What does Donald Trump’s pick for Supreme Court mean for abortion rights in US?
Brett Kavanaugh’s record will come under particular scrutiny for clues as to how he might vote in any future review of Roe v Wade, the landmark 1973 decision that guaranteed a woman’s right to an abortion
US President Donald Trump’s nomination of Judge Brett Kavanaugh for a seat on the US Supreme Court could create the most conservative court in generations and threaten landmark rulings including the Roe v. Wade abortion-rights decision.
If confirmed by the US Senate, Kavanaugh would fill the seat of retiring Justice Anthony Kennedy, a swing vote who sometimes sided with the court’s liberals in key cases.
Trump wants to leave an enduring mark on the court, giving it a solid five-justice conservative majority for the foreseeable future.
“I do not ask about a nominee’s personal opinions,” Trump said Monday night.
“What matters is not a judge’s political views but whether they can set aside those views to do what the law and the Constitution require.”
Kavanaugh 53, is a judge on the US Court of Appeals for the District of Columbia Circuit with a history in politics.
Before he was nominated to the DC circuit by George W. Bush, he was the former president’s staff secretary and worked for Bush during the 2000 Florida vote recount. He also played a lead role in drafting Independent Counsel Kenneth Starr’s 1998 report on Bill Clinton. He is a Yale Law School graduate.
Trump made his decision on Sunday, according to White House officials, adding the determining factor was that Kavanaugh was the kind of judge read by other judges, and had a solid grounding in the legal philosophy known as strict constructionism.
On Friday, the president asked all four finalists for the Supreme Court seat, Kavanaugh, Raymond Kethledge, Amy Coney Barrett, and Thomas Hardiman – to write speeches for Monday night’s announcement, submit names of people they’d like to have attend the announcement, and to share background information, according to the White House officials, who asked for anonymity to discuss internal deliberations.
The president called Kavanaugh on Sunday night to tell him that he had been chosen.
On the appeal court, Kavanaugh has voted to strike down environmental regulations and said he would have overturned internet regulations issued while Barack Obama was president.
He dissented from a ruling that let an undocumented immigrant teenager get an abortion while in federal custody.
Trump said that Kavanaugh has “impeccable credentials” and is “universally regarded as one of the finest and sharpest legal minds of our time.”
Kavanaugh, a former Kennedy clerk, said that he was “deeply honoured” to replace the retiring justice.
“No president has ever consulted more widely, or talked with more people from more backgrounds to seek input about a Supreme Court nomination,” Kavanaugh said of Trump.
In addition to abortion, the court could shift to the right on the death penalty, racial discrimination, environmental law and gay rights, all areas where Kennedy at least sometimes joined the court’s liberal wing.
Chief Justice John Roberts may now become the swing vote.
White House Legislative Affairs Director Marc Short said he expects Kavanaugh to be in place by October 1, when the court’s next term formally opens, and Majority Leader Mitch McConnell has said the Senate will vote to confirm Kennedy’s successor in the fall.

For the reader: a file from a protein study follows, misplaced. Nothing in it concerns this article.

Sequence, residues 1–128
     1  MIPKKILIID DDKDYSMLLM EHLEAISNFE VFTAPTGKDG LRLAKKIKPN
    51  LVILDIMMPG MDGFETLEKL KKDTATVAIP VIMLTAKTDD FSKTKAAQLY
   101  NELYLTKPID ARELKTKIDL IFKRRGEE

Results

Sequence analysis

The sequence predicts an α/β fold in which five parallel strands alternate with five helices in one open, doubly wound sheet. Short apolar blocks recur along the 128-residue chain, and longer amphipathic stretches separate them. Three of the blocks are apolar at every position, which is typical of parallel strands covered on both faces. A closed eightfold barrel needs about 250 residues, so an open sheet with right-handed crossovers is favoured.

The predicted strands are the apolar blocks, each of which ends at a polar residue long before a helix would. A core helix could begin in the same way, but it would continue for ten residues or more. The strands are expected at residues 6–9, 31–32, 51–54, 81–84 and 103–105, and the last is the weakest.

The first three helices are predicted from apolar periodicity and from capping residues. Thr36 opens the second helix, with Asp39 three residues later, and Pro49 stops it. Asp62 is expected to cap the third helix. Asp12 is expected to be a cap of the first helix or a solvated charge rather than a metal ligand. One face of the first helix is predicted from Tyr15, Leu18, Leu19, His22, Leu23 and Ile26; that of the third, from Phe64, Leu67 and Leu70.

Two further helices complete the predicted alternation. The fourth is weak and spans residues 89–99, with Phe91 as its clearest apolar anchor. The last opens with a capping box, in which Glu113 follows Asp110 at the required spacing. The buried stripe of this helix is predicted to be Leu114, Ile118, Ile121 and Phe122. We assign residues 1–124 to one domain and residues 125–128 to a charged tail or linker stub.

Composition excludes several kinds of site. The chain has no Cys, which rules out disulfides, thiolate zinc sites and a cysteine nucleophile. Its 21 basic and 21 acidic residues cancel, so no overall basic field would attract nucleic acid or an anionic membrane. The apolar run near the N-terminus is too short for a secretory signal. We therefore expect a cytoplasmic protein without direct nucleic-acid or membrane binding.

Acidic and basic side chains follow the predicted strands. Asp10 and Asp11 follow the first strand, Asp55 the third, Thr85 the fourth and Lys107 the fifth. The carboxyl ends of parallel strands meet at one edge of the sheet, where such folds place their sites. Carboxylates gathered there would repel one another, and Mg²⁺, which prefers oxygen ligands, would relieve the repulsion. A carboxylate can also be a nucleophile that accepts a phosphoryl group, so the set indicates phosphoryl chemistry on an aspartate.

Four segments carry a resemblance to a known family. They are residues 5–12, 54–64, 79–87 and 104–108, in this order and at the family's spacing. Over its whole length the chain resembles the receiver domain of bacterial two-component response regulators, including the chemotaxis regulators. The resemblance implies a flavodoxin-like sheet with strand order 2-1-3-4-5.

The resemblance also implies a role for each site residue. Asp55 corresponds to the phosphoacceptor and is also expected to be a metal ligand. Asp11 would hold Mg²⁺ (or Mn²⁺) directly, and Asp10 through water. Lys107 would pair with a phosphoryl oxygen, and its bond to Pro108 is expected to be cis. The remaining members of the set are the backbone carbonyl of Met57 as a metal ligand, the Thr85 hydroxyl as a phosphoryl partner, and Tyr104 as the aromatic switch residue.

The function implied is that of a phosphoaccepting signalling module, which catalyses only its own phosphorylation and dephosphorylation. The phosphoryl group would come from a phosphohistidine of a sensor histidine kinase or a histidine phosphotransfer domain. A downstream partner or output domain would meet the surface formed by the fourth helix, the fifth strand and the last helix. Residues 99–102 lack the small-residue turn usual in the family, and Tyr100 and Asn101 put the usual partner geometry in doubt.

McConnell, who called Kavanaugh a “superb choice,” hasn’t explicitly said whether his goal is to complete a confirmation before the November midterm elections.
“This incredibly qualified nominee deserves a swift confirmation and robust bipartisan support,” Trump said.
Kennedy’s position in the court’s centre guarantees a fierce confirmation fight. As soon as he announced his retirement plans in late June, Democrats and liberal groups mobilised, saying another Trump appointee would threaten Roe as well as the 2015 ruling that legalised same-sex marriage nationwide and scores of other decisions that have shaped modern America.
Republicans hold a 51-49 advantage in the Senate, so they can approve Trump’s nominee without any Democratic support as long as they don’t lose more than one vote.
In confirming Trump’s first Supreme Court nominee Neil Gorsuch, Republicans eliminated the 60-vote requirement to advance a nomination to the High Court.
The White House plans a robust promotional campaign on Kavanaugh’s behalf.
Gorsuch’s nomination became possible because McConnell blocked Obama’s nomination of Merrick Garland to fill a vacancy in 2016. McConnell had said the winner of the presidential election should make the choice.
Trump vowed during the campaign to appoint justices who would vote to overturn Roe, the 1973 ruling that legalised abortion nationwide, and his appointment to replace Kennedy could make that a reality.
Recently, he said he wouldn’t ask any potential nominees about Roe during interviews.
Kennedy cast the pivotal vote to uphold Roe in the 1992 Planned Parenthood v. Casey decision. The justices who remain on the court include three who have backed broad abortion restrictions and a fourth, Gorsuch, who in all likelihood would.
Senate confirmation of Kavanaugh could create the most conservative court since the justices blocked a number of President Franklin D. Roosevelt’s New Deal programmes in the 1930s.
It could also create a lasting majority. Thomas, at 70, is the oldest of the court’s remaining Republican appointees.
Additional reporting by The Guardian